Sometimes a Conversation Analysis study makes you realise that you’d seen an odd bit of talk somewhere, and half-registered it as being strange in some way. So I’m delighted that Catrin Rhys has written a guest blog on her article in the upcoming issue of ROLSI – on the strangeness of interviews in (British) football-land.
One of the joys of teaching is that students sometimes, usually unwittingly, deliver up golden nuggets of data. That was how I ended up analysing post-match interviewing in football, despite having absolutely no interest in football.
Recently one my students brought in a transcript f a post-match interview for an assignment, I was intrigued by just how often the interviewer’s “questions” were grammatically declarative and delivered with falling intonation: indeed, one of the interviews didn’t have a single interrogative.
Here are some typical examples of interviewer turns:
What’s going on?
After poring over thirty interview transcriptions, I can’t really claim to have learnt anything about football, but the interviewing format made more sense. It became clear to me that the central activity of the post-match interview wasn’t “interviewing” in the usual way, but some sort of assessment. The interviewer’s job is mostly to pick some aspect of the match or the football season and get the manager to talk about it by giving a first assessment of it.
Take the first example above: Few penalty appeals in there, a few good ones I would suggest. The interviewer introduces the topic of the penalty appeals and gets the manager to evaluate them by suggesting that they were “good” penalty appeals.
So what began as my attempt to understand the declarative grammatical formatting of questions in this type of interview turned into an analysis of the interplay between the assessment orientation of the talk and the sequential, institutional and social distribution of epistemic access and epistemic primacy. How does the interviewer juggle showing that he knows enough to pick what gets assessed and get it assessed while still treating the manager as the real expert?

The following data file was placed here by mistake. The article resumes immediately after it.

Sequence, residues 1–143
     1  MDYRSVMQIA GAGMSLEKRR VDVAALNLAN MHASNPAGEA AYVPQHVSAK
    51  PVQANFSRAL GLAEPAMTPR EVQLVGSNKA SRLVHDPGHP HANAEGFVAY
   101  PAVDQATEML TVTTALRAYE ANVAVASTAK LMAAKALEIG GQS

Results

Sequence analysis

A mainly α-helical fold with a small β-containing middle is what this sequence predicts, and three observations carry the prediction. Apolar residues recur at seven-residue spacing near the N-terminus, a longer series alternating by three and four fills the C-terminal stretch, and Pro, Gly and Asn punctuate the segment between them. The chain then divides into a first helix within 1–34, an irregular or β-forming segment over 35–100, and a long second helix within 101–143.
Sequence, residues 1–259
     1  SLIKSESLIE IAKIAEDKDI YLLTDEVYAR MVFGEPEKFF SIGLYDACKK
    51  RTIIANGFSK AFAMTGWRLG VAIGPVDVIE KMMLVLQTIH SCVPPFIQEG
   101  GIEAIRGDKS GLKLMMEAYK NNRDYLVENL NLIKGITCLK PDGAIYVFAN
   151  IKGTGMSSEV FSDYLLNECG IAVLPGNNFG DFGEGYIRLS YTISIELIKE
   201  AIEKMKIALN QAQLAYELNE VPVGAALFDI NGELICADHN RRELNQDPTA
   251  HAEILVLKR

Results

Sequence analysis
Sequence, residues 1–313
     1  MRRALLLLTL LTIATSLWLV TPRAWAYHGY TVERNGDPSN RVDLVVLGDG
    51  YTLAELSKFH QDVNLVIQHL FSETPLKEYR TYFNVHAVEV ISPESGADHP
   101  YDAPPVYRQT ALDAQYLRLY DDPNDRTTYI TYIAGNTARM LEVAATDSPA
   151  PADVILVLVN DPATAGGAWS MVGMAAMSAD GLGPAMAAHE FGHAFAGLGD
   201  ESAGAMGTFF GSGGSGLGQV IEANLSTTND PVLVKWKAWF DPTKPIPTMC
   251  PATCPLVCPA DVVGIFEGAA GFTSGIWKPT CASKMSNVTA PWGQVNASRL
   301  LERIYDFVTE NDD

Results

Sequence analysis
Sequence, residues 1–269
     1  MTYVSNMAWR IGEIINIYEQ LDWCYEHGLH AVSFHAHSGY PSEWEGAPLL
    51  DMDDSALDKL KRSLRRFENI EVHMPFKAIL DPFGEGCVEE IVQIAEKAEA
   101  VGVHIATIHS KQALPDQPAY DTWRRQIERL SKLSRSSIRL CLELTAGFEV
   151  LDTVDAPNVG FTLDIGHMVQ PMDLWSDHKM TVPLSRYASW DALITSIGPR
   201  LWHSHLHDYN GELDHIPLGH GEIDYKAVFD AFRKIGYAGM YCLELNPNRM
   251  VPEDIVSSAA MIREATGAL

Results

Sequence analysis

On the one hand, the football interviewers draw on features of turn design to produce displays of epistemic access and category-bound expertise. They show their own expertise as a football journalist who has just watched the match. On the other hand, interviewers systematically deploy a range of linguistic resources to downgrade their epistemic authority relative to the interviewee. Going back to the penalty appeals example, the interviewer shows that he knows enough about football to evaluate the appeals, but just as a suggestion; the manager’s evaluation is what counts.
What was particularly interesting in the data were the parallels between single unit turns and multi-unit turns both in terms of the linguistic structures used (particularly topic-comment structures) and the position and function of interrogativity. Interrogativity has both response mobilizing and epistemic functions but in this data the interviewers regularly employ various turn design resources to achieve a non-final position for interrogativity and so prioritise the epistemic function.
What do we get as scholars from watching football?
A lot of football fun, if you like football. I can’t say I’ve become a devotee, but I did learn something: when the task at hand is focused on evaluation, it’s not what we know but who knows best that counts. Football interviewing turns out to be a great natural laboratory for understanding the role and distribution of interrogativity and its position within the turn. I still don’t understand anything about football, but the post-match interview is a fascinating arena for seeing how asymmetrical distribution of speaking and assessment rights plays out.
Rhys, C. S. (2016) Grammar and Epistemic Positioning: When Assessment Rules. Research on Language and Social Interaction, 49(3) xx-xx (out online)